The former chief of Cuba's military medical services is calling for international weapons inspections of a secret underground lab near Havana, where he says the government is creating biological warfare agents like the plague, botulism and yellow fever.
Roberto Ortega, a former army colonel who ran the military's medical services from 1984 to 1994, defected in 2003 and now lives in South Florida.
After living here quietly for four years, this week Ortega went on the Spanish-language media circuit to denounce what he claims is an advanced offensive biological warfare weapons program. He spoke Tuesday night at the University of Miami's Institute for Cuban and Cuban-American Studies where one angry heckler stormed out accusing him of deliberately sowing fear among Cuban exiles.
''They can develop viruses and bacteria and dangerous sicknesses that are currently unknown and difficult to diagnose,'' Ortega told The Miami Herald. "They don't need missiles or troops. They need four agents, like the people from al Qaeda or the Taliban, who contaminate water, air conditioning or heating systems.''
He said Cuba was ready to use the biological agents ''to blackmail the United States in case of an international incident'' such as the threat of a U.S. invasion.
The Cuban government has denied such programs exist, but if Ortega's allegations are true Washington could face the prospect of an enemy nation 90 miles away with the capability of launching germ attacks.
Ortega said he told the CIA nearly two years ago about an underground Cuban facility southwest of Havana. The maximum security lab dubbed ''Labor One'' has an above-ground civilian cover and employs dozens of scientists, he said.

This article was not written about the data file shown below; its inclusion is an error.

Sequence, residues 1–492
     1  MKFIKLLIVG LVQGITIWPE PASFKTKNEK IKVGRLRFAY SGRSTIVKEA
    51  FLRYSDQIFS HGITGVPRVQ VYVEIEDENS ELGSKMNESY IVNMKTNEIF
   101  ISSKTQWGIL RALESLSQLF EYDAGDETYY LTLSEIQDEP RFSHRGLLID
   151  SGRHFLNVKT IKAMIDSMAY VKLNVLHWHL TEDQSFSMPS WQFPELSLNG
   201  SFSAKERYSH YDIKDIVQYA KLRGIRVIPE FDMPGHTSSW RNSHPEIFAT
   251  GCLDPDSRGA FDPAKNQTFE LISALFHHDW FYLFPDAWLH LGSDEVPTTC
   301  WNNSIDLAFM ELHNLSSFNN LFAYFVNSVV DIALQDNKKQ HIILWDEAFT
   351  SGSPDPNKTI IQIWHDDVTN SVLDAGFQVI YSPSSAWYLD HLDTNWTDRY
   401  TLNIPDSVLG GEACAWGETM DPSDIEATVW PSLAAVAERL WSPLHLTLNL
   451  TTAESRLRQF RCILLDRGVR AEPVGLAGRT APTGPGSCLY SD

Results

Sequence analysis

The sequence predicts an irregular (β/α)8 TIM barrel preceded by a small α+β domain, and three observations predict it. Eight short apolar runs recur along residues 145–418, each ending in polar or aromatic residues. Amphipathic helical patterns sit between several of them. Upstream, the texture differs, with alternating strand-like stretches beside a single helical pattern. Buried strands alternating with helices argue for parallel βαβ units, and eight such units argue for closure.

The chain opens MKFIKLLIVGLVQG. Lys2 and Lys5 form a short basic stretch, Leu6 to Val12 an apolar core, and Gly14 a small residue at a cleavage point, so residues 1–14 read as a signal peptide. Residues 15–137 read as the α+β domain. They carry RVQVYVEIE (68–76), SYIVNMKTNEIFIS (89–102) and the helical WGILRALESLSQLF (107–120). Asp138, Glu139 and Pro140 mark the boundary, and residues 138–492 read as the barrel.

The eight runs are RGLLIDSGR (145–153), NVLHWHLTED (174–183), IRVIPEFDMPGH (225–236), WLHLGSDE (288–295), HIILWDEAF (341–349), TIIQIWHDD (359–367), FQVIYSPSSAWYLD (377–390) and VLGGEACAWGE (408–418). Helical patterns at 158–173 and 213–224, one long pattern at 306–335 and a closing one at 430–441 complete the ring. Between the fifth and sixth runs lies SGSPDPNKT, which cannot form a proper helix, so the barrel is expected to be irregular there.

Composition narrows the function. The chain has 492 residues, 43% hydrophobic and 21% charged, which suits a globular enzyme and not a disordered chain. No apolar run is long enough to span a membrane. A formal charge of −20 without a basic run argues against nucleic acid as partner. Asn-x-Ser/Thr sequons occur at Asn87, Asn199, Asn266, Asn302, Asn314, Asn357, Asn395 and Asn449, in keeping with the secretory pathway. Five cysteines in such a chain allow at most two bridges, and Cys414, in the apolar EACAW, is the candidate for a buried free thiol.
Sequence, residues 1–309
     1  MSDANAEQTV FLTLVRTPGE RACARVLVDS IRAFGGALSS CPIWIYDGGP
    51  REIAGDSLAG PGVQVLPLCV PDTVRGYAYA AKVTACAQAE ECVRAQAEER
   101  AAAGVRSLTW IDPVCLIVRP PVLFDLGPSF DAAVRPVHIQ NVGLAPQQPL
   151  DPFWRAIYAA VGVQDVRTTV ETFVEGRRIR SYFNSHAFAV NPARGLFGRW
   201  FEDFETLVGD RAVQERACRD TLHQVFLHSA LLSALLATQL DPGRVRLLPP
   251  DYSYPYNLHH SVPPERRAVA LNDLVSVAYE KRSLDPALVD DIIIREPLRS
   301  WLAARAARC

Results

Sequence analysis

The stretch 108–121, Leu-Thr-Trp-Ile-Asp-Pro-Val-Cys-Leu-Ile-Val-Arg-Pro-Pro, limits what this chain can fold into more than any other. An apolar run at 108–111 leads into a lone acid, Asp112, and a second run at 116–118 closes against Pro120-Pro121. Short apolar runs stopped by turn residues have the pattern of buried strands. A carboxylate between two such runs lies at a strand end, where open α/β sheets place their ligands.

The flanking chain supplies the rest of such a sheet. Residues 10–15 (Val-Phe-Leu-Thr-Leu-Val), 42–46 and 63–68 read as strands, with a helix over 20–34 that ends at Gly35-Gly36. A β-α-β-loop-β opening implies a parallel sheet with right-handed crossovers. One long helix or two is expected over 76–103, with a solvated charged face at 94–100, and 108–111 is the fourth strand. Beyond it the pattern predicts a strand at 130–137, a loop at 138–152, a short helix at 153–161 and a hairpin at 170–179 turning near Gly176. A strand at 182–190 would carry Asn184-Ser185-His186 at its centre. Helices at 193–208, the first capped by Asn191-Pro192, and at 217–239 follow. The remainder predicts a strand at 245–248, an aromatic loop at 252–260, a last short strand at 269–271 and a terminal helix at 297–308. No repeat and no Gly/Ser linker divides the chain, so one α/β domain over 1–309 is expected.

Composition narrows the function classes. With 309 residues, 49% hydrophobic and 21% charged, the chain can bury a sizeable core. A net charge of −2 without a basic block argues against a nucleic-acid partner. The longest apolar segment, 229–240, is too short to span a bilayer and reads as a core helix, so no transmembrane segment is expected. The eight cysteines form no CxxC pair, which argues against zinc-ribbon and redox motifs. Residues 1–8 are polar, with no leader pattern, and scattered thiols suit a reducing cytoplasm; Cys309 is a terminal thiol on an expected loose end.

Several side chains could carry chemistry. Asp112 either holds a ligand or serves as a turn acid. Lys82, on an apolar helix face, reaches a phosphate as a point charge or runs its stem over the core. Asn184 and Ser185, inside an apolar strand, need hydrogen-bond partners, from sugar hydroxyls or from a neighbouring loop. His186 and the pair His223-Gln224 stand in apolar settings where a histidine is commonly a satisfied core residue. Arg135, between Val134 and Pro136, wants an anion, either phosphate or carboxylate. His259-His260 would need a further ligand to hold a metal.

But in the underground facility, scientists reproduced and stockpiled deadly germs and bacterias collected in Africa, he added.
He visited the lab in 1992 when he accompanied a high-level Russian military delegation, he said.
''I saw it,'' Ortega said. "I lived it.''
Ortega is believed to be the first defector with details of such an alleged biological warfare facility, said University of Miami professor Manuel Cereijo, who studies Cuba's biotechnology and terrorism issues.
Ortega said he has come forward now because he did not see the CIA taking public action on his information. The CIA and the U.S. State Department declined to comment.
''He talks about a place I never heard about,'' Cereijo said. "There are many other places where there exists the capacity to develop bioweapons. That doesn't mean they are doing that. Only a person like him would know.''
Cuba's advanced biotechnology industry is well-known, having produced vaccines for hepatitis and meningitis B and exported them to dozens of countries around the world. In 2002, John Bolton, then a top U.S. State Department official for arms control, said Cuba "has at least a limited offensive biological warfare research and development effort.''
In a report last year, the State Department acknowledged analysts were divided on the issue of whether Cuba has such a program. Experts also argue that the U.S. government is unlikely to have high-level spies in Cuba feeding it information on what must be, if it exists, a highly secret program.
Ken Alibek, former deputy director of the Soviet Union's bioweapons program, said Russian scientists always suspected the Cubans were developing a biological warfare program, but said he doubts that any Soviet military delegation would have been invited to visit it.
''If you ask whether the Cubans are capable, I'd say easily,'' he told The Miami Herald in a telephone interview from Virginia. "Are they doing it? I can tell you when I was involved in the late 80s, we suspected so.''
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